I wanted to write about dragons and laser pistols, camaraderie and adventure! I occasionally wish for a time machine so that I could leap across the years and smack my younger self on the back of the head. Because the truth is every experience is something you can learn from. I knew what it looked like when a hawk stooped towards its prey. I knew what anger felt like, and fear, and hope, and sadness. It means to use your personal experiences to lend the power of authenticity to your prose. There is a secondary meaning as well, and it is one that I try to take to heart more as an adult author: Research, knowledge and the acquisition of new sensory memories can make your writing more compelling.

But spending time researching how maces were used historically can help create a more powerful scene. Look up how much real maces weighed. Research the kinds of wounds that a mace caused. If you can, make a mace and create new sensory memories by beating up an old tire. Try new things! Get your hands dirty in the garden, take a lesson in welding, bungee jump, hang-glide. Eat exotic foods and learn to mix cocktails.

So, my advice to an aspiring author is this: Write what you know because you know much more than you think.

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While growing up, David Reiss was that weird kid with his nose in a book and his head in the clouds. He was the table-top role-playing game geek, the comic-book nerd, the story-teller, and dreamer. David is a software engineer by trade and a long-time sci-fi and fantasy devotee by passion, and he lives in Silicon Valley with his partner of twenty-six years.

Until recently, he also shared his life with a disturbingly spoiled cat named Freya. A cop killer. A child witness. A soda thief.

A female detective. An omniscient sleuth.

All are waiting for you within the pages of Dimensions of Mystery. Like this: Like Loading Each story submission must be in a separate email. Writers Unite! Link to WU! Previously published work will be considered but must not be encumbered in any way by publishing rights. Please no less than for stories, 25 words for poetry.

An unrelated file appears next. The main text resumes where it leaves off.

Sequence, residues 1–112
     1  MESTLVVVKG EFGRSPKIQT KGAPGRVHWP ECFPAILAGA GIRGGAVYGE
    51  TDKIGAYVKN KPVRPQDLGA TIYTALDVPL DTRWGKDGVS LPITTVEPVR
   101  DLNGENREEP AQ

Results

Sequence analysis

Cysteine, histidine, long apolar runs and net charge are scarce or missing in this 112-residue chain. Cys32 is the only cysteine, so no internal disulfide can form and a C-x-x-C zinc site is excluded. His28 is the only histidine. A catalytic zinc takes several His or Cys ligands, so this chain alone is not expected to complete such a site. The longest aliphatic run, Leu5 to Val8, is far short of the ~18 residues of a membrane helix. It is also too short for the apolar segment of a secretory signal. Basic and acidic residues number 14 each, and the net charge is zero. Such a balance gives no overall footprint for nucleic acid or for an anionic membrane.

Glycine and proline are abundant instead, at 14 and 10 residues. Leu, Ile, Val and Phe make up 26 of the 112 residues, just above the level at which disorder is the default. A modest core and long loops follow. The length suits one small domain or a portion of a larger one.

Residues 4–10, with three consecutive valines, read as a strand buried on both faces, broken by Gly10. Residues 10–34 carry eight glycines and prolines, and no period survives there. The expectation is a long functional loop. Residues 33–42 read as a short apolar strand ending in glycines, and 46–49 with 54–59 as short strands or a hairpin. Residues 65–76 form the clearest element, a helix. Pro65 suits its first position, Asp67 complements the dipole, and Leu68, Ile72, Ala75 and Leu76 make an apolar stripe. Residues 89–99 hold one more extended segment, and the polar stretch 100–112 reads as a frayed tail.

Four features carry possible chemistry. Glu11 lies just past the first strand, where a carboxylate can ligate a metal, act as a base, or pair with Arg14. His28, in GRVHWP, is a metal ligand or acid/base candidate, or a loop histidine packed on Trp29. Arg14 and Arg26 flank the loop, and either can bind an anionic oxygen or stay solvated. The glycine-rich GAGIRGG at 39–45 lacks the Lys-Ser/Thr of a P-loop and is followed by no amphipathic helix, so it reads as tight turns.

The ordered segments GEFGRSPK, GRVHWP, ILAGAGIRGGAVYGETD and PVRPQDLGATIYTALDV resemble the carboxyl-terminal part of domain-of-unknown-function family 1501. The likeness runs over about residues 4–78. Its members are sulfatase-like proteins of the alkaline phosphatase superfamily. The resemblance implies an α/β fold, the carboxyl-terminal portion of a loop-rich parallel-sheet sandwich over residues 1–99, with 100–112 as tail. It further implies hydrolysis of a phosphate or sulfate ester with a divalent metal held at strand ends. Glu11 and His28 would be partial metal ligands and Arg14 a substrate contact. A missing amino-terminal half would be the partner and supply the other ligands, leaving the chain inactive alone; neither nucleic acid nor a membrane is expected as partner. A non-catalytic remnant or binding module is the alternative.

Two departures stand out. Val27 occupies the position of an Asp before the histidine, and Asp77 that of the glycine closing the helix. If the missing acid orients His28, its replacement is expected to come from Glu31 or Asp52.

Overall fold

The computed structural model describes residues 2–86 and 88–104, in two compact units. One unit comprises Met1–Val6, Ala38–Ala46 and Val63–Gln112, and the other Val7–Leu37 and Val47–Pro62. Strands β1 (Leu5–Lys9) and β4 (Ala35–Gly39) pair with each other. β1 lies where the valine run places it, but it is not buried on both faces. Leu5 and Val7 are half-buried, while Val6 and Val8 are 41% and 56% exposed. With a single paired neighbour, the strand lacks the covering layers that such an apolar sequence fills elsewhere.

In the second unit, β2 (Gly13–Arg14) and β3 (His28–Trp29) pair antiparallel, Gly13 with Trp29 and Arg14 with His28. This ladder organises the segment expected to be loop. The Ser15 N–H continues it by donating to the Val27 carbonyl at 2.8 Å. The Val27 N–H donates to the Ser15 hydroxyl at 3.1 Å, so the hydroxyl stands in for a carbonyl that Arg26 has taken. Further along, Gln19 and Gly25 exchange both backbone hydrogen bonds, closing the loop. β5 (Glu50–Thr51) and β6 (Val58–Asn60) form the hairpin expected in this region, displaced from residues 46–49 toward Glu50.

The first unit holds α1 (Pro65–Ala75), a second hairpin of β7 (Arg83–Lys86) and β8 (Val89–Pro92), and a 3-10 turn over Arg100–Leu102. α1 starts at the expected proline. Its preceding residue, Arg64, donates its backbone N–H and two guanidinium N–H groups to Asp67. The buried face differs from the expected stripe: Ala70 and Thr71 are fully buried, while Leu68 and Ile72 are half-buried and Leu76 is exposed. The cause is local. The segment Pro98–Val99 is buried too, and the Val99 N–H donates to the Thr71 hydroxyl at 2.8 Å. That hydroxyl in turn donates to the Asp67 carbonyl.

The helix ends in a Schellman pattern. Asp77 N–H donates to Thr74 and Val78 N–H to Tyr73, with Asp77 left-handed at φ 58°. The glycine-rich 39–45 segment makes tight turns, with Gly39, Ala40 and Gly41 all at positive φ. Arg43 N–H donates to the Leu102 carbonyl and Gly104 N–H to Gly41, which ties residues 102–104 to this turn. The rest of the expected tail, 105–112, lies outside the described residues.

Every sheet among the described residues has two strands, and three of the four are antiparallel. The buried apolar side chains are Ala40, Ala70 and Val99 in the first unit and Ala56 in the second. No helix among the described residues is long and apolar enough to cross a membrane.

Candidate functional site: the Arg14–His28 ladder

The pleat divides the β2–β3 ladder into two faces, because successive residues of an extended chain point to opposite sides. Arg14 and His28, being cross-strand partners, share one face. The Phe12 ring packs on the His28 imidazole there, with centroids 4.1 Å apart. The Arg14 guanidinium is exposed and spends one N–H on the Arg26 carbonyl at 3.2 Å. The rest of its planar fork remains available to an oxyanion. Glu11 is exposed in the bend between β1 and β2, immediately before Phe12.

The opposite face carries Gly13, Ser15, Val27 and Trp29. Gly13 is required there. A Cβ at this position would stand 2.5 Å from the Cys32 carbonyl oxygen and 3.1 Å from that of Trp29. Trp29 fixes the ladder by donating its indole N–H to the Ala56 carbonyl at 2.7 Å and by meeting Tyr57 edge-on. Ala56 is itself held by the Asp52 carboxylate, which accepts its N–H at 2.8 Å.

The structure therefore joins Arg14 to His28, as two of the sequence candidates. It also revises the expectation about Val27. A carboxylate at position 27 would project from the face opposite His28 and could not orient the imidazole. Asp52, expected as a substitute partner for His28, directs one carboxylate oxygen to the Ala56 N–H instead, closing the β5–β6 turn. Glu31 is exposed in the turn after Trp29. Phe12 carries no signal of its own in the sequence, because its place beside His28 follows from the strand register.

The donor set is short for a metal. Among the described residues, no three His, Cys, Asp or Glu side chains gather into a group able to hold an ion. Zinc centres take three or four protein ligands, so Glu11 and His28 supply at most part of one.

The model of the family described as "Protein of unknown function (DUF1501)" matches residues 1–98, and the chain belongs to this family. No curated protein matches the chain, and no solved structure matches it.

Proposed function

Shorter stories will be included as space allows and authors given credit in the index of authors.

How Great Science Fiction Works

Submission Count: Each author may submit up to five total stories. These stories and poems will be selected on quality and space needs in the anthology. Manuscripts not meeting the requirement will be rejected by the Writers Unite! Formatting requirements are listed at the end of this document.

  • Get e-book The Messenger and the Message of God Volume 2.
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Spacing: Left justified with consistent one-space spacing between sentences. Title: Centered title, about one-third down first page. I have ever responded, I am the Lord's messenger. I know that many have called me a prophet, but I have made no claim to this title. My Saviour declared me to be His messenger.

Strange things will arise, and in your youth I set you apart to bear the message to the erring ones, to carry the word before unbelievers, and with pen and voice to reprove from the Word actions that are not right. Exhort from the Word. I will make My Word open to you.